Raven  Corvus corax

Chilterns, N of Henley  - 2009

A good brood of five Raven chicks photographed on the 29th March 2009.

A new nest was built this year in an adjacent Douglas fir and slightly higher up.

Above - This is just nine days later on the 8th of April.

A well constructed, wool lined nest, keeps the chicks very warm and even feverishly hot to the touch

Even as nestlings these are large birds!

Photo copyright
Andrew Freeman

Ravens in Bucks had another good year in 2009 with ten nests producing 30+ fledged young this year. The majority are still in conifers of various species – which makes counting fledging rates rather difficult – but seem to have averaged three plus per nest. Two sites on pylons in the Vale of Aylesbury were successful and I suspect there are others waiting to be discovered. In addition to these there are 2-3, bonded pairs, along the river Thame valley that will surely settle down and breed in the next few years.

The comments above were provided by Andrew Freeman

Chilterns, N of Henley  - March 2008

Photo copyright Andrew Freeman

The above photo of four young Ravens in the nest was taken by local ringer Andrew Freeman at a nest site in Bucks.  The following words were provide by Andrew:

"During the re-introduction and establishment phase of the Red Kite in southern England two other bird species have re-colonized bucks – Common Buzzard, now well established and probably more numerous than kites in all but the core area of the Chilterns, and Ravens. The latter is the most recent addition to our bird life and is probably in the region of 10+ breeding pairs mainly in the Chilterns, with four pairs known to breed regularly and a further two to three in the vale of Aylesbury – all on pylons and substations. The nest sites in the vale, seem to have varying success rates, with many blowing down during the winter or even before breeding has commenced. Breeding has, however, been successful several times on pylons in the vale. The known nests in the Chilterns have been in Douglas Fir, Cedar of Lebanon, Californian Redwood and Beech – with an obvious preference for conifers being shown in this area.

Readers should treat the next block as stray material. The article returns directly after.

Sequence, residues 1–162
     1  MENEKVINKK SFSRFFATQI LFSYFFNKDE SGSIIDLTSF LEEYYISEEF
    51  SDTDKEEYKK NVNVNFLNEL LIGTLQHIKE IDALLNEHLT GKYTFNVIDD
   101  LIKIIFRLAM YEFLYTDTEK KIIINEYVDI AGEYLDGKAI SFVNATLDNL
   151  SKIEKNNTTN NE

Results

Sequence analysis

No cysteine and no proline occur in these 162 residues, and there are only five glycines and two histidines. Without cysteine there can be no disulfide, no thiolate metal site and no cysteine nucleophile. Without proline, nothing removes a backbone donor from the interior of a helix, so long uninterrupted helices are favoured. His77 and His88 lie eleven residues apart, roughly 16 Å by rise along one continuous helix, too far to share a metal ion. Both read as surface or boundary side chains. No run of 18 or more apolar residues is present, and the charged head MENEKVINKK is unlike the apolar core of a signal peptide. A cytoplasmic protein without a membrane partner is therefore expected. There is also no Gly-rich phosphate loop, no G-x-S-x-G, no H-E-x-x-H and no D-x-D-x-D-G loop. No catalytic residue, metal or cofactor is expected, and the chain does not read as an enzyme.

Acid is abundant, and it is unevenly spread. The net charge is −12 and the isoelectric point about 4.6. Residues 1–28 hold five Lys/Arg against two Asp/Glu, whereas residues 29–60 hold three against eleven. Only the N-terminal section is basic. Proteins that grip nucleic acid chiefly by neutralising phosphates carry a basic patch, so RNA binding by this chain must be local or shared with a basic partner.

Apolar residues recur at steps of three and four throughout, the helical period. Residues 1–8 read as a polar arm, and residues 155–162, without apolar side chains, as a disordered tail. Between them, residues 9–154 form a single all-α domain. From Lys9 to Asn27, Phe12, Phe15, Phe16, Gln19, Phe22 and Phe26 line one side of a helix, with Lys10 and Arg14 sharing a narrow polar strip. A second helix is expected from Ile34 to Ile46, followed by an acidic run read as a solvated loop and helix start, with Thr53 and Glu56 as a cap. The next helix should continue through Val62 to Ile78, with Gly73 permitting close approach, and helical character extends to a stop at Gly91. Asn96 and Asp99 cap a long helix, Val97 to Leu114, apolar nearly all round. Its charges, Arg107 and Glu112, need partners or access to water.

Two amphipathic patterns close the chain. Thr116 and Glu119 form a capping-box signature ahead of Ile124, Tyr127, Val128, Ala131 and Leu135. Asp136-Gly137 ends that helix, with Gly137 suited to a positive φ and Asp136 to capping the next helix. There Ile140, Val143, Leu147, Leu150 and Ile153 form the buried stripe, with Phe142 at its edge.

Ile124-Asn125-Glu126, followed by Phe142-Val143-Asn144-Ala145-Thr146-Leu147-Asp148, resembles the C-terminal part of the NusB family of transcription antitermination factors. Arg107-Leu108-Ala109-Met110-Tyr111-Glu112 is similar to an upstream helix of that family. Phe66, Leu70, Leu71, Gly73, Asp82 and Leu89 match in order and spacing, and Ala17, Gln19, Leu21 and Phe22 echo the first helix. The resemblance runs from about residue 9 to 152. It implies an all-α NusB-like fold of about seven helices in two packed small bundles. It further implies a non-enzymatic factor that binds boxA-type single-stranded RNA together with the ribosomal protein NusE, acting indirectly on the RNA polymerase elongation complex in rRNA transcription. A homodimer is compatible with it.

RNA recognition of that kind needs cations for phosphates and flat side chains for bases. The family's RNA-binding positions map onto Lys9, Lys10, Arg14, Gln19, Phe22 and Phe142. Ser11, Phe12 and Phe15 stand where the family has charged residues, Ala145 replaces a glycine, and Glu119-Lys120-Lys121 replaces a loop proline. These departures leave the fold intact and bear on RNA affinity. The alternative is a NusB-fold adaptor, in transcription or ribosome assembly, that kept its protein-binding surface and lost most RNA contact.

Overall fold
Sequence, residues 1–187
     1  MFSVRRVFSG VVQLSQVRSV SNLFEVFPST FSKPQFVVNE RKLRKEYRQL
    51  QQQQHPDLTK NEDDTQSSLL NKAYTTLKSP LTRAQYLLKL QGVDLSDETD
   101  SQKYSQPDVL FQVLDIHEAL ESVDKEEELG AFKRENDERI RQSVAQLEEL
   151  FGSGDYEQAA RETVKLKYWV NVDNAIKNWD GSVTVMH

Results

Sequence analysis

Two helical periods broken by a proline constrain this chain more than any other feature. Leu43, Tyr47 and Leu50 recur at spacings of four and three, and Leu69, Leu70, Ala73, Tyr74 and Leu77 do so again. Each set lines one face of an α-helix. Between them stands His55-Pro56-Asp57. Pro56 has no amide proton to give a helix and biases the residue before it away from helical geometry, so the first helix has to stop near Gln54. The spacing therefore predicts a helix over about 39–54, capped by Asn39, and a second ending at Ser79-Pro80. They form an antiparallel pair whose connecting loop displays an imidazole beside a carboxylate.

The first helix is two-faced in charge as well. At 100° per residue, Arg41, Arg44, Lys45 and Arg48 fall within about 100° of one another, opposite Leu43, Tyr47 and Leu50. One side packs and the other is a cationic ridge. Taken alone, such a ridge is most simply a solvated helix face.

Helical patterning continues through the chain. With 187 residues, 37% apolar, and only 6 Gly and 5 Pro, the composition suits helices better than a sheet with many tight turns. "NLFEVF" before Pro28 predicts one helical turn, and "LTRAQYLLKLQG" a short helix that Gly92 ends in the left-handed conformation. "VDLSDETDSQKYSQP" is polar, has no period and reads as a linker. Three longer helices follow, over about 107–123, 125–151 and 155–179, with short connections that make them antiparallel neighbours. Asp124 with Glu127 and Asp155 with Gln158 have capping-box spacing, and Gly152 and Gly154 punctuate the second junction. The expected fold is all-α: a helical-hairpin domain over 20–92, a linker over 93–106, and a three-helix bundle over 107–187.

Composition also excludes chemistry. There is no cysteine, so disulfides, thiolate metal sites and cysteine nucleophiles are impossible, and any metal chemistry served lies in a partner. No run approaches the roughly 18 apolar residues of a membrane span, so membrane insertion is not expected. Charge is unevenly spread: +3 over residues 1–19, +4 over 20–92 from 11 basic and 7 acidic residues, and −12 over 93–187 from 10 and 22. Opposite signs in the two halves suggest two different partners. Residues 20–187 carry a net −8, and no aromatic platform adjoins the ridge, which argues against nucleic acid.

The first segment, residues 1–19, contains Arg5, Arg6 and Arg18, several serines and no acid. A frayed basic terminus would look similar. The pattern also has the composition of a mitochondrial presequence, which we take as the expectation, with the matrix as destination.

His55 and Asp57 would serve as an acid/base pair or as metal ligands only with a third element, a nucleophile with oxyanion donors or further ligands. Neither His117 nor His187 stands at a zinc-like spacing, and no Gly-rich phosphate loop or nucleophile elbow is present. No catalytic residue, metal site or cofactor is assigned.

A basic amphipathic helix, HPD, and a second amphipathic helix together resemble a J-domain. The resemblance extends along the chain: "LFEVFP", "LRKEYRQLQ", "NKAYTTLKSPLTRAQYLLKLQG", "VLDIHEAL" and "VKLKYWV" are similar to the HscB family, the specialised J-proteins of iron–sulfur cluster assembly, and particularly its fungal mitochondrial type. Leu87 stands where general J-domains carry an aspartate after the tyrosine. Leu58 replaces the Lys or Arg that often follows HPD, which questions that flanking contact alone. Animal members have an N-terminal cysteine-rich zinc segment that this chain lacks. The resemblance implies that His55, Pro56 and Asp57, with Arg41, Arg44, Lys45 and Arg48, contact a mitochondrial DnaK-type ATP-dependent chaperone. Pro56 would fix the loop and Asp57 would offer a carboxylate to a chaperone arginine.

The nest site pictured is in, we think, it’s fifth year in 2009 and is situated approximately, 65’ high in a Douglas Fir, north of Henley. As with most photos some of the sense of scale is lost – the nest is 3’1/2 – 4’ across and the chicks as big as chickens. When I first gained this nest, the gaping mouths sprang up, like crimson tulips hungry for meat and worms!"


The photo below was taken in 2006 and does show the relative size and shape comparison to a Common Buzzard.  Note the very rounded, almost diamond shape tail of the Raven.

Photo copyright Andrew Freeman

Rowsham  - 20th October 2007

Photo copyright Mike Wallen

This bird was photographed over Mike's garden.  It shows the classic Raven diamond tail shape and the obvious primary feathers.

Mid Bucks  - March 2007

Photos copyright Tim Watts

It looks as though 2007 will be a good year for the increasing population of Ravens in the county.  With a food supply of a complete sheep being available it is hardly surprising!  There have been several other sightings of this species in Mid-Bucks this Spring.

Ibstone Common  - 7th February 2006

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Photos copyright Gerry Whitlow

Now apparently established as a breeding bird in the Chilterns.  These flight photos show the well fingered wings and diamond shaped tail of this large corvid.

Chiltern Hills  - 28th February 2003

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Photos copyright Dave Bilcock

This species is being increasing seen in the county and these pictures are of a pair that were present.   


Steps Hill  - 7th September 2002

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Video stills courtesy of Dave Ferguson

The Raven pictured above is being mobbed by a Sparrowhawk.  Apart from the huge size of the Raven, it's long tail and flat wings help to confirm ID.   The Raven was a very vagrant to Bucks with only six records up until 1998.  However since then there has been a dramatic increase in records, nearly all from along the Chiltern escarpment.  Four days after seeing this bird, Dave saw two Raven's over Coombe Hill approximately 8 miles to the SW. 

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